Matthew Griffin, described as “The Adviser behind the Advisers” and a “Young Kurzweil,” is the founder and CEO of the World Futures Forum and the 311 Institute, a global Futures and Deep Futures consultancy working between the dates of 2020 to 2070, and is an award winning futurist, and author of “Codex of the Future” series. Regularly featured in the global media, including AP, BBC, Bloomberg, CNBC, Discovery, RT, Viacom, and WIRED, Matthew’s ability to identify, track, and explain the impacts of hundreds of revolutionary emerging technologies on global culture, industry and society, is unparalleled. Recognised for the past six years as one of the world’s foremost futurists, innovation and strategy experts Matthew is an international speaker who helps governments, investors, multi-nationals and regulators around the world envision, build and lead an inclusive, sustainable future. A rare talent Matthew’s recent work includes mentoring Lunar XPrize teams, re-envisioning global education and training with the G20, and helping the world’s largest organisations envision and ideate the future of their products and services, industries, and countries. Matthew's clients include three Prime Ministers and several governments, including the G7, Accenture, Aon, Bain & Co, BCG, Credit Suisse, Dell EMC, Dentons, Deloitte, E&Y, GEMS, Huawei, JPMorgan Chase, KPMG, Lego, McKinsey, PWC, Qualcomm, SAP, Samsung, Sopra Steria, T-Mobile, and many more.
WHY THIS MATTERS IN BRIEF
As physical sports and entertainment merge with digital and virtual forms companies are experimenting with bringing new experiences to the courts.
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As we continue to see companies use technology to develop new kinds of games, sports, and arenas, startup Huupe has opened pre-orders on a $4,000 smart basketball hoop, complete with shot tracking, interactive training guides, remote player vs player challenges, and an enormous high-def screen for a backboard – so you can watch TV as you shoot around. Because why not!?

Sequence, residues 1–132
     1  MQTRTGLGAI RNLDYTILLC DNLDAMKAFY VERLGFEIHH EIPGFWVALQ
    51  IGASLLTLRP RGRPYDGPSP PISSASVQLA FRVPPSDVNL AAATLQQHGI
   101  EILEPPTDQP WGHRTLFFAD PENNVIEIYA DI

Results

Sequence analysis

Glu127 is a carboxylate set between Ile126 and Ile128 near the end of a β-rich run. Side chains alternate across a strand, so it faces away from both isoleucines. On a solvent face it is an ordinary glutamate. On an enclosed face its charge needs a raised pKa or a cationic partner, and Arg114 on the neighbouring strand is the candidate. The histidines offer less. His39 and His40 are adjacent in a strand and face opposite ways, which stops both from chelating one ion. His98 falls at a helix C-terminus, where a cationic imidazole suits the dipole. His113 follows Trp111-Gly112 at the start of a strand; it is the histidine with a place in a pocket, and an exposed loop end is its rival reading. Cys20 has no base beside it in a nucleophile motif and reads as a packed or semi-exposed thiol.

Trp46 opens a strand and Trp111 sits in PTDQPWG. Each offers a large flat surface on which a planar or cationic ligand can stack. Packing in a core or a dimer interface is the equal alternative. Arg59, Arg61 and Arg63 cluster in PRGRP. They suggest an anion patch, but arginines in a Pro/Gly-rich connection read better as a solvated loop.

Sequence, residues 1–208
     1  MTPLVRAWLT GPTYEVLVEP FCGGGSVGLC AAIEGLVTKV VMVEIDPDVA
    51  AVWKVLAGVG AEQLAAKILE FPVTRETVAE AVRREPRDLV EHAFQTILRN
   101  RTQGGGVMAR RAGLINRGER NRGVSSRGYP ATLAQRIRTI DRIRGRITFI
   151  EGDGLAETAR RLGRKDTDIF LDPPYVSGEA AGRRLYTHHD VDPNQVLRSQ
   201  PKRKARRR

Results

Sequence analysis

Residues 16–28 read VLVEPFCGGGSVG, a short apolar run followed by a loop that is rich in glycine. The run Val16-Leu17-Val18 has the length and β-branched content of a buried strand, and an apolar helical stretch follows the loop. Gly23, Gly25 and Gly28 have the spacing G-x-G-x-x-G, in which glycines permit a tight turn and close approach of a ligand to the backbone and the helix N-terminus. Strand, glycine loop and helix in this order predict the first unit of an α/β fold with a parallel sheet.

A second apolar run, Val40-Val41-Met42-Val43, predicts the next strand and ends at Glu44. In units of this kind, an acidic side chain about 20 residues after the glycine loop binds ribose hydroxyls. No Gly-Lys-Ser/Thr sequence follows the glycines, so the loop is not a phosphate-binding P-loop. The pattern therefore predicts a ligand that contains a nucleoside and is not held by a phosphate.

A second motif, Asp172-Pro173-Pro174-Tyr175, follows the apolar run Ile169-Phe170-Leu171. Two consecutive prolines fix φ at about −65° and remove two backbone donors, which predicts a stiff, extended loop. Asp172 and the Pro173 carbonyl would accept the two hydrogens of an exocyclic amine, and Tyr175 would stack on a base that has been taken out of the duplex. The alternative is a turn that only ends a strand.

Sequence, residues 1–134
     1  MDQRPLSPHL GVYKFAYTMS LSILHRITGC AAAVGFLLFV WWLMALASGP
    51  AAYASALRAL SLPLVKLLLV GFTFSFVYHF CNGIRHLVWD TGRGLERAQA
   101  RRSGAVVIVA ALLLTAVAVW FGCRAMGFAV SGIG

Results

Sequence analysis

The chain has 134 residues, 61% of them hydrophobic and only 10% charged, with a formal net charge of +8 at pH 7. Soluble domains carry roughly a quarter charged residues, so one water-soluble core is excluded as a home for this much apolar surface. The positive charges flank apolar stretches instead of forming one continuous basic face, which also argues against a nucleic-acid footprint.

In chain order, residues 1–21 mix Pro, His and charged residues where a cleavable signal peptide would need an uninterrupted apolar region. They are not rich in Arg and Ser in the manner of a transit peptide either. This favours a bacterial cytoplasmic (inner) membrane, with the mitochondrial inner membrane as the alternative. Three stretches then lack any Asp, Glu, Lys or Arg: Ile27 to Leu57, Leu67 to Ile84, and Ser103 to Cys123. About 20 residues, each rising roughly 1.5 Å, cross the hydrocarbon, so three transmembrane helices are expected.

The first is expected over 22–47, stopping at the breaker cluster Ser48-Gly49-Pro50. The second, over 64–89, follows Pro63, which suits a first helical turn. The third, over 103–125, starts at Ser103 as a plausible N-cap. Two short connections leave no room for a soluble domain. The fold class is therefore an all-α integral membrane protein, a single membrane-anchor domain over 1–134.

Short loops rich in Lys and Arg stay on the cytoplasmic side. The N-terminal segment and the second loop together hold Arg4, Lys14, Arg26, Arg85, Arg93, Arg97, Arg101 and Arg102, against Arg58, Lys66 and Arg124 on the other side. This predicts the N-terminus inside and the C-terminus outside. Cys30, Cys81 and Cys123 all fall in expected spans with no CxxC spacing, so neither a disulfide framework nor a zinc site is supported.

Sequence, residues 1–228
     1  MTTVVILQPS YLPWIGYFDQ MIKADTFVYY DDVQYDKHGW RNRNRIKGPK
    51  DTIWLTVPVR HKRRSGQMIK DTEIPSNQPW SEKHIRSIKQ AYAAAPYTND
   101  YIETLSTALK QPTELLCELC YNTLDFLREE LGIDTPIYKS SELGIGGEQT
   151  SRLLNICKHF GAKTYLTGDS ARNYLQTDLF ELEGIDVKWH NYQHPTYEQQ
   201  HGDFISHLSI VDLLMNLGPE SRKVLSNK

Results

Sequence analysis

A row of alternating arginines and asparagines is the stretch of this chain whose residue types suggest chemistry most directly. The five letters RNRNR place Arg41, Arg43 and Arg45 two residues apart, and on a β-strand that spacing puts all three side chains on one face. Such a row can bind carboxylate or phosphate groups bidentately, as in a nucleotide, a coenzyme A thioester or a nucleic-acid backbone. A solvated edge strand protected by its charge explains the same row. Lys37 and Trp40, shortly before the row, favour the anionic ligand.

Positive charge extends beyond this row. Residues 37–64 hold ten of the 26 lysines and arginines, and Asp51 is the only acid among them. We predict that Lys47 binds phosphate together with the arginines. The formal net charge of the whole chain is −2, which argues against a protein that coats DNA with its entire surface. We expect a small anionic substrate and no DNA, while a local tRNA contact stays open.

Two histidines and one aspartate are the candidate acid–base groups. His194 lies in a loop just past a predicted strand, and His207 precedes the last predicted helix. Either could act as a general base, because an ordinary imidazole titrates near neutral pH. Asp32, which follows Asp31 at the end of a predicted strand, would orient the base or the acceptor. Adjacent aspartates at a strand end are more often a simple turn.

On first glance, this thing looks almost as ridiculous as those internet refrigerators that became a punchline of the noughties. But maybe there’s method to the madness here; I’ll confess to rarely having the attention span to watch TV without having something to fiddle with, and the idea of getting some shots up with Netflix playing on the backboard sounds like a fun way to sneak some exercise into the day.
The Future of Sports 2030, by Keynote Speaker Matthew Griffin
The Huupe will run a bunch of streaming video services, making this eminently possible. But it’s certainly not its raison d’etre. Let’s back up a bit.
We’re looking at a fully weatherproofed backboard with an integrated high-def screen, internet connectivity and a webcam, as well as some proprietary shot tracking tech. And, of course, you put it up more or less wherever you’d put a regular hoop.
See it in action
From there, you use a smartphone as your remote control, and get stuck into the Huupe apps. There’s basic shot tracking, which can build you a sweet graphic showing your makes, misses and percentages from different areas on the court. You can analyze how many times you got nothing but net, or benchmark things like your shot trajectory, speed, agility, release time and vertical leap.
Or you can run one of a bunch of different pre-recorded training sessions. Or you can hook up with a live, qualified trainer online, effectively using the backboard as a webcam as they talk you through your workout. Or you can challenge other Huupe users to a game of HORSE (or whatever the kids call it these days), either live or asynchronously, having your score sent to them so they can try to beat it.
All of which is pretty neat, but to my mind the greatest thing about this device is that it’s a big ol’ screen you can goggle at while you keep your body moving. All the better if you’re streaming an NBA game on the backboard. Yes, it’s ludicrously expensive, but that’s smart fitness gear for you. Check out a short video.